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Designing A Flexible Flat Cable in Altium Designer 14

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Jul 2, 2015
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Hello nation , I'm currently doing my summer practice and my advisor wanted me to build a flexible flat connector to serve as board to board wiring . He wanted me to use Altium which I had no idea about . I found some Molex FFC connectors and libraries of them which include 3D model also , but I have no idea about how to actually design it in Altium . I just placed 2 connectors in schematic and connected 4 of their pins since my advisor wanted me to use 4 tracks . In of them 1A flows , in 2 of them 3A flows and in one of them 5A flows .

I will try to upload the photos of what I did when I get to home .

Any help about how to design this stuff is appreciated . Thanks .

Download this, it will give you figures for current capacity in PCB traces. I would be curious as to the connectors.... I guess this is a purely academic exercise when I look at the current requirements as most FFC connectors only go up to 1A per pin.
Also sounds like you've been thrown in at the deep end.
The schematic is simple enough layout a bit more complex, here you need to understand the basics of Altium, search this forum some guides have been put up in the past.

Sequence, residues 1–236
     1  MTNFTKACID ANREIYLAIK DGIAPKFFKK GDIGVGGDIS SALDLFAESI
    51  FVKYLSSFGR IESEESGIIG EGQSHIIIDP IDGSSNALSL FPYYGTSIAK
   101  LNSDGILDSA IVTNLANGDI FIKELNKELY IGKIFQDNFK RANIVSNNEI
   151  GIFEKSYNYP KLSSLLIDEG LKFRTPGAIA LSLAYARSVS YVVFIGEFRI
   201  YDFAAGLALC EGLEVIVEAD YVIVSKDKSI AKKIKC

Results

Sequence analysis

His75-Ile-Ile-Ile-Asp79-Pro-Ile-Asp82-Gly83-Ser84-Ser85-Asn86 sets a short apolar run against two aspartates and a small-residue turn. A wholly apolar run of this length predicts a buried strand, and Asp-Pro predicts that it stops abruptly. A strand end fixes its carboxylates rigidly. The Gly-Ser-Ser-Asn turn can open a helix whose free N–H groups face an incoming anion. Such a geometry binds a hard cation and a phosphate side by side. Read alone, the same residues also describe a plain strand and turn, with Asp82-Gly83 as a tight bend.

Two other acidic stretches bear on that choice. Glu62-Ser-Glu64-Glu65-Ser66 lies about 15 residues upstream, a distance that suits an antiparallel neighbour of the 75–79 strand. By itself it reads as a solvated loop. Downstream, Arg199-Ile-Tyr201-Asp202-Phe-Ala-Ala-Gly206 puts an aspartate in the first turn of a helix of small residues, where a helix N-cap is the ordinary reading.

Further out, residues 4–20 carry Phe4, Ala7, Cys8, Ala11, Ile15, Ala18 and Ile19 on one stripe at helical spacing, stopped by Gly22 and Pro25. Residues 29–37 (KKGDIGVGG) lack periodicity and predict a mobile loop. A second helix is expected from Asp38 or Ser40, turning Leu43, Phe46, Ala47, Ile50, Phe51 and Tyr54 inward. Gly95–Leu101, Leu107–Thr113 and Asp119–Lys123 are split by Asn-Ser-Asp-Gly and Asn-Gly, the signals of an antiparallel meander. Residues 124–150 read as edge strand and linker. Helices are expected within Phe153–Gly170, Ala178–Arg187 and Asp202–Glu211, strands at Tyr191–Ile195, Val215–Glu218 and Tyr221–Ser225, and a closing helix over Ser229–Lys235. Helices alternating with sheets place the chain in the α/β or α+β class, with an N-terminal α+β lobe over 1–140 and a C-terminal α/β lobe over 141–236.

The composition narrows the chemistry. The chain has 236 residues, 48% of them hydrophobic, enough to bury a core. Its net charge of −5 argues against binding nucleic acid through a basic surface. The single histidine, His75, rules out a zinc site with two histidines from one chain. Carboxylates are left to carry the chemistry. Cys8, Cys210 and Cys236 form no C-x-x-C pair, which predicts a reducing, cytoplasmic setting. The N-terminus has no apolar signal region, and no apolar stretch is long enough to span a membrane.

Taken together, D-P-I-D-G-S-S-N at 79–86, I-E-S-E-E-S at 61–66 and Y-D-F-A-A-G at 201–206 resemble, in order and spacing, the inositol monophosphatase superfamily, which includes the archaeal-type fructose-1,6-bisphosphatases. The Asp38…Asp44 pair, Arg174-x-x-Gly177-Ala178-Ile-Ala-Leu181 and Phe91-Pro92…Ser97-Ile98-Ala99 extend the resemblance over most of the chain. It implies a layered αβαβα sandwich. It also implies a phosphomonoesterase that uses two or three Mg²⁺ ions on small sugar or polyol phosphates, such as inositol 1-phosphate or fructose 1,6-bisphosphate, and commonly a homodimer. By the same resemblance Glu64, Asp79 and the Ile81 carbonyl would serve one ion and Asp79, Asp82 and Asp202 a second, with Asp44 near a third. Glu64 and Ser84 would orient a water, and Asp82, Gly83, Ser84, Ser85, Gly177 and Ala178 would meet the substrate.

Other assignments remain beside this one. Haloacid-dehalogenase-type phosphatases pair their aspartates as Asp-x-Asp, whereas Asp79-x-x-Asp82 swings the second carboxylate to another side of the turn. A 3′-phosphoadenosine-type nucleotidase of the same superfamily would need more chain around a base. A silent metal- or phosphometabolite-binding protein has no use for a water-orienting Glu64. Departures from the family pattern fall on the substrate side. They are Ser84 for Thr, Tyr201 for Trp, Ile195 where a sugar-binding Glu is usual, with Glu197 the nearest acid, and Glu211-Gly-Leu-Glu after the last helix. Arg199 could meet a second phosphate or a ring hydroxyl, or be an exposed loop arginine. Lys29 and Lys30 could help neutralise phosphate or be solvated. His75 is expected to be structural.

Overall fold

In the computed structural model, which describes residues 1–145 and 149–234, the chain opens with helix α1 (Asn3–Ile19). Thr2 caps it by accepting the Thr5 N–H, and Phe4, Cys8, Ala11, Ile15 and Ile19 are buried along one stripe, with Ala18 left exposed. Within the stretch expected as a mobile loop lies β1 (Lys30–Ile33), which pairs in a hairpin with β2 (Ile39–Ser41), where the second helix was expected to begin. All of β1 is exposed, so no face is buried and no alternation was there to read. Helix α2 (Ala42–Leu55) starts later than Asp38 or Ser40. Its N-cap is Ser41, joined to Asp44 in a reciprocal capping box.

Finally a couple of tomes on flex circuit design:

**broken link removed**
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I read these books(not entirely) but it gives no idea about how to apply these ideas in Altium .

The connectors that I am using are :

In the schematic I put the connectors at two ends of the sheet with pins facing each other and I guess it's correct . Now I will just make 4 connections randomly with trace length as minimum as possible . My main concern is how to place them in the FPC ?

If I understand right, you want to design a flex PCB to be used with FFC connectors, not the PCB where the connectors are mounted.

If so, you'll start to sketch FFC copper pattern, either as a library component, or directly in your design.

It doesn't make much sense to start the design without any knowledge of PCB layout in general and Altium operation in particular. Your advisor should know this.
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Basilally straight lines...
of course what I do when I am designing FFCs is get the data sheet for the connector and look at the cable guidelines....

Further to my original comment 5A is not going to go through one pin, you need at least 12 (safety margin) as each pin is rated at 0.5A, so 7 for 3A and two at least for 1A... round it up to the nearest available.

So , for example for 5A , should I use 12 pins and combine them in a node then split to another 12 pin of the other connector to transfer that current ?
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I asked to my advisor and he said yeah you can do this but instead of it , give 5A by using 12 pins and dont combine them in a node , just route 12 traces from 1 to 1 , 3 to 3 , and so on . And I did that . So basically all of my traces carry like 0.47 to 0.5A .

Since the traces are perfecly horizontal and I know their length , I used this in order to calculate the required trace widthnesses .

If you think sth wrong about these steps , please inform me .

The last thing he wanted from me is to reduce the EMI noise , which I have no idea about . My PCB has a bottom and top layer . In bottom layer there exists the traces . In top there's nothing .

If you can give me some tips&sources about how to eliminate EMI noise , that would be very cool as well ..


Look at the links in this file, there are some very good EMC guides.


  • PCB related links.txt
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